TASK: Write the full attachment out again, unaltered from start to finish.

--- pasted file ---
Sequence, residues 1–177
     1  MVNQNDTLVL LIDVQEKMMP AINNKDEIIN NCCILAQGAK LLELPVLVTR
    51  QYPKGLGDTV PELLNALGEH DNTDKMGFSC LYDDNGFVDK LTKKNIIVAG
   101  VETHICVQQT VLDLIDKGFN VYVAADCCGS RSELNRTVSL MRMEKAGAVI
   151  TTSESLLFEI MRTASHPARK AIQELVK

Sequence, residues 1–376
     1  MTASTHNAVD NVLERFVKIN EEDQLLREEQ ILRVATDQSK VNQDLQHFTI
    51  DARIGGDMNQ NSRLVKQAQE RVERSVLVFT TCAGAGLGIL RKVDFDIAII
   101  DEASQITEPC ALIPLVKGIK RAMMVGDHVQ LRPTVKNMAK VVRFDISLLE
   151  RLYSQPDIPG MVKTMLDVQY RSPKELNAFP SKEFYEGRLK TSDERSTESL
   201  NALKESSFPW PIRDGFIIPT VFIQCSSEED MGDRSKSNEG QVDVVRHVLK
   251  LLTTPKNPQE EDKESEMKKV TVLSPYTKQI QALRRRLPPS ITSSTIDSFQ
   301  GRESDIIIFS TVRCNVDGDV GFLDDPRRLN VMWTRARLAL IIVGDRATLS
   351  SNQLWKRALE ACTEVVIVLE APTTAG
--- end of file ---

Sequence, residues 1–177
     1  MVNQNDTLVL LIDVQEKMMP AINNKDEIIN NCCILAQGAK LLELPVLVTR
    51  QYPKGLGDTV PELLNALGEH DNTDKMGFSC LYDDNGFVDK LTKKNIIVAG
   101  VETHICVQQT VLDLIDKGFN VYVAADCCGS RSELNRTVSL MRMEKAGAVI
   151  TTSESLLFEI MRTASHPARK AIQELVK

Sequence, residues 1–376
     1  MTASTHNAVD NVLERFVKIN EEDQLLREEQ ILRVATDQSK VNQDLQHFTI
    51  DARIGGDMNQ NSRLVKQAQE RVERSVLVFT TCAGAGLGIL RKVDFDIAII
   101  DEASQITEPC ALIPLVKGIK RAMMVGDHVQ LRPTVKNMAK VVRFDISLLE
   151  RLYSQPDIPG MVKTMLDVQY RSPKELNAFP SKEFYEGRLK TSDERSTESL
   201  NALKESSFPW PIRDGFIIPT VFIQCSSEED MGDRSKSNEG QVDVVRHVLK
   251  LLTTPKNPQE EDKESEMKKV TVLSPYTKQI QALRRRLPPS ITSSTIDSFQ
   301  GRESDIIIFS TVRCNVDGDV GFLDDPRRLN VMWTRARLAL IIVGDRATLS
   351  SNQLWKRALE ACTEVVIVLE APTTAG